If torrential venous hemorrhage is encountered, pelvic packing may be of great utility. Substantial bilateral iliac vein compression is likely to initially worsen hemodynamic instability as a result of decreased venous return, which can be overcome with further volume resuscitation.

Lower extremity compartment syndrome is a significant risk in patients with severe iliac arterial injuries, or in cases where iliac venous injuries are treated with ligation. Fasciotomies should be performed based on the suspicion of the surgeon.

Surgical Management – inferior vena cava (IVC)

The IVC is the most commonly injured abdominal vessel, accounting for up to 25% of abdominal vascular injuries in one series.[9] Patients with isolated IVC injuries may be hemodynamically stable on presentation. Supramesocolic IVC injuries should be approached with similar intraoperative principles and early control of the proximal abdominal aorta.

However, in contrast to the aortic exposure, a right medial visceral rotation should be performed with hepatic flexure mobilization and the Kocher maneuver for duodenal mobilization. Exposure to the suprahepatic IVC or hepatic veins is often improved via extension to sternotomy or right thoracoabdominal incision.

Exposure of the retrohepatic IVC requires extensive mobilization of the liver with release of all ligaments and is typically assisted by a right subcostal or hockey stick incision. Packing should be attempted first in a damage-control scenario as this dissection is technically challenging and frequently results in large-volume blood loss with very high mortality. Often total hepatic vascular exclusion is required, consisting of infradiaphragmatic aortic cross-clamping followed by a Pringle maneuver (compression of the hepatoduodenal ligament), infrahepatic IVC clamping, and suprahepatic IVC clamping. Prior aortic cross-clamping is necessary for avoiding precipitous hypotension associated with the decreased venous return caused by IVC clamping.

Inframesocolic IVC injuries may be approached similarly to injuries of the inframesocolic aorta, with cephalad transverse colon retraction and rightward displacement of the small bowel.

IVC injuries may be repaired with lateral venorrhaphy in many cases, patch venoplasty, or interposition grafting. IVC ligation may be performed in extreme scenarios only if below the renal veins. IVC stenosis after repair, typically via lateral venorrhaphy, can precipitate thrombus formation and PE, so surgeons should maintain a low threshold for IVC filter placement postoperatively.

In extreme cases, the use of a an atrio-caval shunt may be helpful to control hemorrhage while maintaining venous return. This shunt typically consists of a chest or endotracheal tube placed through the right atrial appendage and down to the infrahepatic IVC. Cinching down on the cava around the tube forces returning lower extremity and renal blood into the tube where it is then carried and deposited to the right atrium. The tube is similarly cinched within the cava just above the diaphragm so as to isolate the retrohepatic IVC. When used with peri-hepatic packing, this temporizing maneuver may be life-saving until definitive exploration and repair can be performed.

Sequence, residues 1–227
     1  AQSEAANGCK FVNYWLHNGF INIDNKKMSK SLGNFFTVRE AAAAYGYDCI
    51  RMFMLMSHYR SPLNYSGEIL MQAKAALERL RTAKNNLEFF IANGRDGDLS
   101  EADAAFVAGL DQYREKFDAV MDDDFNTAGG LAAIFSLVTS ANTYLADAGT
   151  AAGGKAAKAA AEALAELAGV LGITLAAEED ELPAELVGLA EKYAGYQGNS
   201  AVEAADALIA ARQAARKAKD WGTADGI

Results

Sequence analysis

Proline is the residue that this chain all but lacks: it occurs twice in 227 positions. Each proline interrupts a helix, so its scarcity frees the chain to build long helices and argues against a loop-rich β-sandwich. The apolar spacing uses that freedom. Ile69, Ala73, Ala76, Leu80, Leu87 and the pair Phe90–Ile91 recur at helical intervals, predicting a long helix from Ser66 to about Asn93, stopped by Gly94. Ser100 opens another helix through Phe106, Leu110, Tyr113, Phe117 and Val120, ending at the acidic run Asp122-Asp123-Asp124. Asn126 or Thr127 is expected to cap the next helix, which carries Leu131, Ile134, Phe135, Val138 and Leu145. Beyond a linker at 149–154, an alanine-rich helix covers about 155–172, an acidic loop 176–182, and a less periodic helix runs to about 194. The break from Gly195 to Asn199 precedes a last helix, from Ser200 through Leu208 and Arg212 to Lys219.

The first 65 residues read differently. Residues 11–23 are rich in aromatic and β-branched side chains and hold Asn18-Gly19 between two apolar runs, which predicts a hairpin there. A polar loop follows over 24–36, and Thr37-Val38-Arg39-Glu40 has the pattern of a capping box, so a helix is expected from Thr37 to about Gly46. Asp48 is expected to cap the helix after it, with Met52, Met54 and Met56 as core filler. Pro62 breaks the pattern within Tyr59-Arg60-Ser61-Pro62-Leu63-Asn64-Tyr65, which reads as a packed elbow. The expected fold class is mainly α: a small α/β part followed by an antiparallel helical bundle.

Surgical Management – portal venous system

Injuries to the portal vein, superior mesenteric vein (SMV), and splenic vein can present with severe hypotension and typically require emergent exploration via laparotomy. Right colon mobilization and the Kocher maneuver facilitate exposure, however division of the neck of the pancreas with a vascular stapler should be considered if combined SMA and SMV injuries are present. Limited portal venous injuries may be repaired with lateral venorrhaphy and more complex venous injuries require definitive reconstruction with interposition grafting or patching, preferably autogenous saphenous vein. Portal vein ligation may be performed in extreme scenarios, with survival ranging from 55-85%,[10-13] but is not possible with concomitant hepatic artery injuries. These patients should be shunted prior to definitive reconstruction after resuscitation, as ligation of both hepatic artery and portal vein is not compatible with life.


  • Early recognition of abdominal vascular injuries is critical and should be guided by hypotension, abdominal tenderness or distention, and stigmata of thoracoabdominal or pelvic injury. Normotension may be present, especially in the case of some venous injuries or retroperitoneal tamponade
  • Aggressive resuscitation should be avoided initially, and permissive hypotension targeting systolic blood pressure of 80-90mmHg may improve hemorrhage control and survival
  • Early laparotomy facilitates rapid identification of injuries and should focus on immediate packing, hemorrhage control, proximal aortic control if necessary, and proximal and distal control of identified vascular injuries.
  • Damage-control procedures should be incorporated early if necessary, and consist of liberal venous ligation, shunting of arterial injuries, and temporary abdominal closure prior to definitive reconstruction.
  • Definitive reconstruction should proceed with autogenous graft when available.
  • Postoperative management should focus on aggressive correction of acidosis, hypothermia, and coagulopathy, with high suspicion for thrombosis or compromise of repaired vascular injuries